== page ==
Bealtaine, continued

We have revered the sun for some time—but now
we lament its daily brightness

—Nadia Anjuman, from “One Small Kindness”
translated by Diana Arterian & Marina Omar

I’m here, I’m here, I’m here.

Now the spotlight is on the sun, 

as if it needs any more attention. 

Its residue smears the field and laurel 

with a waxy shine. Nothing is dull. 

I’m never awake before dawn. 

Light smolders from beyond the sea 

well into tomorrow. Days are good 

for drying, when they’re long and winter’s 

layers are shed. Deeper we’ll go

until hydrangea are a muddle of moons 

after poppies tip over the wall. 

Weeks before we’re half-way through,

I’ll think of the dark readying its return.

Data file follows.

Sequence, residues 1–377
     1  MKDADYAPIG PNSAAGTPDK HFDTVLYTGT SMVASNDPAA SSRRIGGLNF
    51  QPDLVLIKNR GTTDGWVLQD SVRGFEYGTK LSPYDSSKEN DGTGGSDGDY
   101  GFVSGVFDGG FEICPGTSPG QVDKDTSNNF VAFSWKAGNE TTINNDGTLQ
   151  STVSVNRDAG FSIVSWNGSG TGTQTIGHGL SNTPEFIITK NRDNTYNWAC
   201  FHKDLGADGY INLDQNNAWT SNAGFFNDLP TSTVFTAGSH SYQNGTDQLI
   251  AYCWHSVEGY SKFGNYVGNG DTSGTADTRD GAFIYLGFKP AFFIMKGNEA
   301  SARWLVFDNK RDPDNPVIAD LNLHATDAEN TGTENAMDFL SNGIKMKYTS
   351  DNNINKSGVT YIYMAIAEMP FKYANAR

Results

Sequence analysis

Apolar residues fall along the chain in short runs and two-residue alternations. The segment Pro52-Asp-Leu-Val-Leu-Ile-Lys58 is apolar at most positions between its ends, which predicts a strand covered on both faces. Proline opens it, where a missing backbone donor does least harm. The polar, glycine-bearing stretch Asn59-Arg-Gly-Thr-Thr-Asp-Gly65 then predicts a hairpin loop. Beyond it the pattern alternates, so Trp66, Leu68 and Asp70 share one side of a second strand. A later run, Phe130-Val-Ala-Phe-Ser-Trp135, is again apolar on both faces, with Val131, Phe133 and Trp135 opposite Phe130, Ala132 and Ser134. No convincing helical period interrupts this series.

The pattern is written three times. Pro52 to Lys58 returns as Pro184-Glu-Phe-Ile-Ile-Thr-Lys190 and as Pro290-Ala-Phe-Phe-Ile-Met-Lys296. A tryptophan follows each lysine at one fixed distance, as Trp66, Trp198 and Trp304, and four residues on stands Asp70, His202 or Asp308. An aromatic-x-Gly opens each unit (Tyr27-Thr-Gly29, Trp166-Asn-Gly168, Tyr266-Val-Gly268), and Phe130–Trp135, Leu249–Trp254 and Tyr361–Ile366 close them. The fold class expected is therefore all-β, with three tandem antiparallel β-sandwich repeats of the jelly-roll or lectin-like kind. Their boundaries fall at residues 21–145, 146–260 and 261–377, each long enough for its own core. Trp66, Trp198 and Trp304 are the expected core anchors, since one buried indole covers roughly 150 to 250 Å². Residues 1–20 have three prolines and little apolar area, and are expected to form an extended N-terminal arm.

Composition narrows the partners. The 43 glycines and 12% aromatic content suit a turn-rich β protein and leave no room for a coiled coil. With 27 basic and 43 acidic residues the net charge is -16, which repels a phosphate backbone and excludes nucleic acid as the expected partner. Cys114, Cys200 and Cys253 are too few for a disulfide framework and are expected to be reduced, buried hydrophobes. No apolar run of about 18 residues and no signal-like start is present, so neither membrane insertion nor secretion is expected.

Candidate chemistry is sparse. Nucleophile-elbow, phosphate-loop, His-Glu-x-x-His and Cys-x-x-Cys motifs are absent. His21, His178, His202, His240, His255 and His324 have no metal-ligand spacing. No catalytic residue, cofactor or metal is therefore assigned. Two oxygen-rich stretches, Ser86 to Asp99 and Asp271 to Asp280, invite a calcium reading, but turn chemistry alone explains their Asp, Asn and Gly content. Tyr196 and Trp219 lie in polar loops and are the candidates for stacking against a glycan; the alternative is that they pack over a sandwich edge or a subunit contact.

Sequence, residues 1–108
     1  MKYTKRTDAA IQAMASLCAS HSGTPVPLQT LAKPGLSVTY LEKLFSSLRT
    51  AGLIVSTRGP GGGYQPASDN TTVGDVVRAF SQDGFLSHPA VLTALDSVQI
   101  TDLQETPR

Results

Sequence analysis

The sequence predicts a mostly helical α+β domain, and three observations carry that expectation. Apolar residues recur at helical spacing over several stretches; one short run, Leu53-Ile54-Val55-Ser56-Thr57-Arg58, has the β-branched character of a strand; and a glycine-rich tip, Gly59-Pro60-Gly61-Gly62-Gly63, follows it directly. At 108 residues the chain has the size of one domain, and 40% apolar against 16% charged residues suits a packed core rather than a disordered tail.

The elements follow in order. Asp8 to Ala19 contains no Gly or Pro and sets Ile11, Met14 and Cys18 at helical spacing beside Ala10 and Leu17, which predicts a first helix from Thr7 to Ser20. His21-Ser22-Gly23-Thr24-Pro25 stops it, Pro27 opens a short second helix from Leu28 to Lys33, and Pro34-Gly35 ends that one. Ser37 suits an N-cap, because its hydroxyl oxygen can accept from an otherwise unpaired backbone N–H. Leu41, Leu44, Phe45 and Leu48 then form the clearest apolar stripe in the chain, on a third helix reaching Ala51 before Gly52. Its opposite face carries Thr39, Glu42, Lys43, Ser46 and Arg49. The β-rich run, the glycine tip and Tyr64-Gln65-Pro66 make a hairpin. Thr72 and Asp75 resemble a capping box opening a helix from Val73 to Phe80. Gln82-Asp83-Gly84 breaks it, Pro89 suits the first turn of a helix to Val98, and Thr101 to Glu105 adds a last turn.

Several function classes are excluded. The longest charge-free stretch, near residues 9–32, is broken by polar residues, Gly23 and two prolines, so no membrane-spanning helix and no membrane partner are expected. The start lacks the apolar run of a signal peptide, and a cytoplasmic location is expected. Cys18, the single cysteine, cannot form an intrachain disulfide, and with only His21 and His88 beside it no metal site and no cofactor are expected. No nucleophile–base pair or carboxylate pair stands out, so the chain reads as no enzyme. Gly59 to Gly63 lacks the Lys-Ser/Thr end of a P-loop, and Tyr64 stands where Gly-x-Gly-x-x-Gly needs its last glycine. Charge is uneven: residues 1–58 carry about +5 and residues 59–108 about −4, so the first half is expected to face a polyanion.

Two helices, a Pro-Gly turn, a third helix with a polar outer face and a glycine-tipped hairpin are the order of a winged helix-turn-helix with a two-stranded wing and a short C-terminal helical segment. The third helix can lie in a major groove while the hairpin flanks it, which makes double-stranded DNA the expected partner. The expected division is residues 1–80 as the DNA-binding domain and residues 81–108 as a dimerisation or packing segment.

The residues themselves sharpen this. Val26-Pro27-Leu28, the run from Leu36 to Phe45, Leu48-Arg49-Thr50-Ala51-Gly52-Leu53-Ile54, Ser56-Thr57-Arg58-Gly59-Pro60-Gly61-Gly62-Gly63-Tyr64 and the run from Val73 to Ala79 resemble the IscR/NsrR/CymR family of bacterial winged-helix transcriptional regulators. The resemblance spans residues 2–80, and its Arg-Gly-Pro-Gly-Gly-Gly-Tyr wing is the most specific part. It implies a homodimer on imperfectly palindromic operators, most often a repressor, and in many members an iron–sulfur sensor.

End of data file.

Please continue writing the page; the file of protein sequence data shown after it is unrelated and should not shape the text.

Jamie O'Halloran, a grey-haired woman who looks out to sea from a lichen-covered, rocky shore. Her hair is the colour of the sea. Her scarf is the colour of the lichen.

Jamie O’Halloran’s Corona Connemara & Half a Crown was a winner in the 2021 Fool for Poetry Chapbook Competition. Her poems appear recently in Poetry Ireland Review, 14 Magazine, The Night Heron Barks, Crannóg, Southword, One Hand Clapping, and in the Dedalus Press anthologies Romance Options and Local Wonders. Her poetry reviews can be found in The Laurel Review, LitPub, and The Tupelo Quarterly. She lives above a river in the West of Ireland.